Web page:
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Rapper Alsace Carcione Is Figuring out Her New Normal After Deaths of Mother and Grandmother

DFW rapper Alsace Carcione will play April 20 at Club Dada for her album release.
DFW rapper Alsace Carcione will play April 20 at Club Dada for her album release. 46 & Two Productions
DFW rapper Alsace Carcione flew into 2017 like a bat out of hell. The original winner of the Master of the Mic has already won multiple awards, written loads of new material and was gearing up to release several new projects.

All of that was put on hold when her mother and grandmother died within weeks of each other. It was then, for the first time in the artist's life, that she fell into dark place — one where music, the thing she loved most, became a chore. Over the next few months, with the help of her friends, family, and other artists, Carcione was able to find herself again. On April 20, she plans to show us exactly what that looks like with the release of her new album, New Normal.

Carcione is no stranger to hardship. The Virginia-native grew up as an LGBT person of color in the South, joined the Marines, fought the music industry’s boy’s club for a seat at the table, and — maybe hardest of all — watched her mother battle cancer twice for more than 10 years. But when she flew out to Virginia last January, she had no idea that she was about to lose two of the most important women in her life — within weeks of one another.

“My grandmother was a woman who lived unapologetically," Carcione says. “She was going to do what she wanted to do, no matter what.”

Growing up in the South, Carcione's grandmother Catherine "Cat" Haywood moved to New York in her teens — or as Carcione put it, “as soon as possible.” Haywood lived modestly in the Red Hook projects of Brooklyn while working for ABC and visiting her family often.

Carcione says Haywood insisted everyone call her “Grandma,” and made sure she was everyone's grandma. She would spontaneously take her grandchildren shopping and bring along their friends, so they wouldn’t feel left out. Haywood loved living life, she loved her family, and in her heyday, she even loved to party.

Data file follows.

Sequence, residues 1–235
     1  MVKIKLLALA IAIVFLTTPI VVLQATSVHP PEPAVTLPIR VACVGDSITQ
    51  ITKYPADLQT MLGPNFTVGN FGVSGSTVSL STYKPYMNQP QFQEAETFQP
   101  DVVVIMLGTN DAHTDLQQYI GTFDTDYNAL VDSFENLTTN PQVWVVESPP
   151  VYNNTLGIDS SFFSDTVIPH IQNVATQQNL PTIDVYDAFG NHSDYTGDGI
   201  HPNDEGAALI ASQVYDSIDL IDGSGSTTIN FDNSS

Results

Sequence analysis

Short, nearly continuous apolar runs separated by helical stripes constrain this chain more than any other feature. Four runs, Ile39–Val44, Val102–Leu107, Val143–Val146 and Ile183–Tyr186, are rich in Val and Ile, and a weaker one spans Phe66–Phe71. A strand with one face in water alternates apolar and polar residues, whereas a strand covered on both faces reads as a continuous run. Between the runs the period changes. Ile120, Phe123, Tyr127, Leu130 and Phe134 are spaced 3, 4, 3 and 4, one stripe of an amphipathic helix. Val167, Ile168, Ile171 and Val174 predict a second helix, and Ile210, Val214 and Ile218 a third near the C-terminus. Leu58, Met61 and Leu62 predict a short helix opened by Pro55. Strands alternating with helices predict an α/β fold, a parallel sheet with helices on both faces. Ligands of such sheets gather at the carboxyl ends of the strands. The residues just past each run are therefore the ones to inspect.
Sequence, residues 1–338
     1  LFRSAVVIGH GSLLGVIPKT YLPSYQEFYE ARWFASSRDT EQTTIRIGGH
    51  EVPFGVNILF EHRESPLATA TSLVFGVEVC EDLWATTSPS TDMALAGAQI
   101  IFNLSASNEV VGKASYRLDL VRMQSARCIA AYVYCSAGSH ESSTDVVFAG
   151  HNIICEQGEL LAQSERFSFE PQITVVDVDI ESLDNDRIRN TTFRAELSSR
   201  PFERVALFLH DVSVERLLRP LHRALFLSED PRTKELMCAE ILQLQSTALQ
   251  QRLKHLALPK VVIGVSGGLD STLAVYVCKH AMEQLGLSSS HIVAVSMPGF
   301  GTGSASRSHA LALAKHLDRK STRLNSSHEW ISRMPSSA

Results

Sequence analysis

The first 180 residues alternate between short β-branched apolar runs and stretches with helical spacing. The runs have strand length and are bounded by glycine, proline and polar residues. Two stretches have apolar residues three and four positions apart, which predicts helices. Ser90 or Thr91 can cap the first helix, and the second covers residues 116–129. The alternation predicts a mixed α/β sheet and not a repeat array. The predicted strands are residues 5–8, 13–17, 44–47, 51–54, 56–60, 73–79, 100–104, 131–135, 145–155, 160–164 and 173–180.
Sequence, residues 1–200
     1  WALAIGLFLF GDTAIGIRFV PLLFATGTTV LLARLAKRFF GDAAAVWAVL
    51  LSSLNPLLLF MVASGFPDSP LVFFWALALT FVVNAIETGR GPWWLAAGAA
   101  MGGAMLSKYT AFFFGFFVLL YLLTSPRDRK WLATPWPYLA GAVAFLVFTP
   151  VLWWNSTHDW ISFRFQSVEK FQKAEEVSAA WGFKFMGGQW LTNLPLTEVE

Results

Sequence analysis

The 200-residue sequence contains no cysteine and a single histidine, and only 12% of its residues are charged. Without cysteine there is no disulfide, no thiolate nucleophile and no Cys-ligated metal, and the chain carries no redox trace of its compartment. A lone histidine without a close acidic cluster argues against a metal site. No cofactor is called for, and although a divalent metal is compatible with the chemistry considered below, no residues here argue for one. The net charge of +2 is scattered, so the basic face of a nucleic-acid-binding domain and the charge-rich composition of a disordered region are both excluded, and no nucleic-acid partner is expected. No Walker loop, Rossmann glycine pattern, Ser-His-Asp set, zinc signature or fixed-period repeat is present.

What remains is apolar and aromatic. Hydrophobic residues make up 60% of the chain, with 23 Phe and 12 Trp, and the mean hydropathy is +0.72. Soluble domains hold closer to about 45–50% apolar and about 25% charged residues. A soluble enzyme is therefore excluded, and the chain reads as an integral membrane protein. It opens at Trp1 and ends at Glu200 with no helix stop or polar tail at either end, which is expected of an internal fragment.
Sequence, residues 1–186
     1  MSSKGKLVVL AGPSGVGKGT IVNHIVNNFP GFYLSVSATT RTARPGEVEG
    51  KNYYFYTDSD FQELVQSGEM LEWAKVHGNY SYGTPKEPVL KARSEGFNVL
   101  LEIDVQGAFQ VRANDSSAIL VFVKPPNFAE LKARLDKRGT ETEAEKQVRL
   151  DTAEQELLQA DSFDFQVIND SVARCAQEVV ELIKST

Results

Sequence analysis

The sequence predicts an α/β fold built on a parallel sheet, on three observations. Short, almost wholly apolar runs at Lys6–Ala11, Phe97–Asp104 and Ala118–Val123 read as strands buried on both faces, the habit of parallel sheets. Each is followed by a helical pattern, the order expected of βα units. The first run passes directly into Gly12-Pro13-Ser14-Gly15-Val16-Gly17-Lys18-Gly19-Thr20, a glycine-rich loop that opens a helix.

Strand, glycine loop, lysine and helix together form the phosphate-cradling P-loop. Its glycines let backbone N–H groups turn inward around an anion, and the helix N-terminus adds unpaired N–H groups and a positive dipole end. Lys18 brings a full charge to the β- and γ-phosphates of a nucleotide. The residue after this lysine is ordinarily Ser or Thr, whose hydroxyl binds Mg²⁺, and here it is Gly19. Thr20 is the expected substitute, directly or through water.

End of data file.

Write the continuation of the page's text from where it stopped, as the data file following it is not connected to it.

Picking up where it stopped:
“I kissed my mother that day on March 9 — got to Texas about 6 o’clock, recorded a song for Friday’s Foolery — and by 9:30, my mother was gone. So, music for me (at that time), just, it kind of became a chore for a little while.”

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“She’s the only woman I know who’d go to the grocery store and fill the cart up with top-shelf liquor — you name it, she bought it,” Carcione says with a laugh.

Carcione’s mother, Nadine Guy, was also someone the rapper says was filled with love. As a church secretary, Guy supported her children in all that they did — and she led by example, working for more than 10 years to get her college degree. Carcione says her mother maintained a quiet strength, opened her heart to everyone she met and continuously moved forward, regardless of the obstacles in her path, which included cancer on two separate occasions.

“My mother is the reason I have the sense that I have," Carcione says. "She’s the reason I do what I do, and she was always there. She raised us to love each other. Even through her struggle, she’d be smiling at you and ask you if you needed anything.”

But her mother didn’t just stress the importance of love and dedication upon her daughter — she also taught her that women are just as strong and capable as the rest.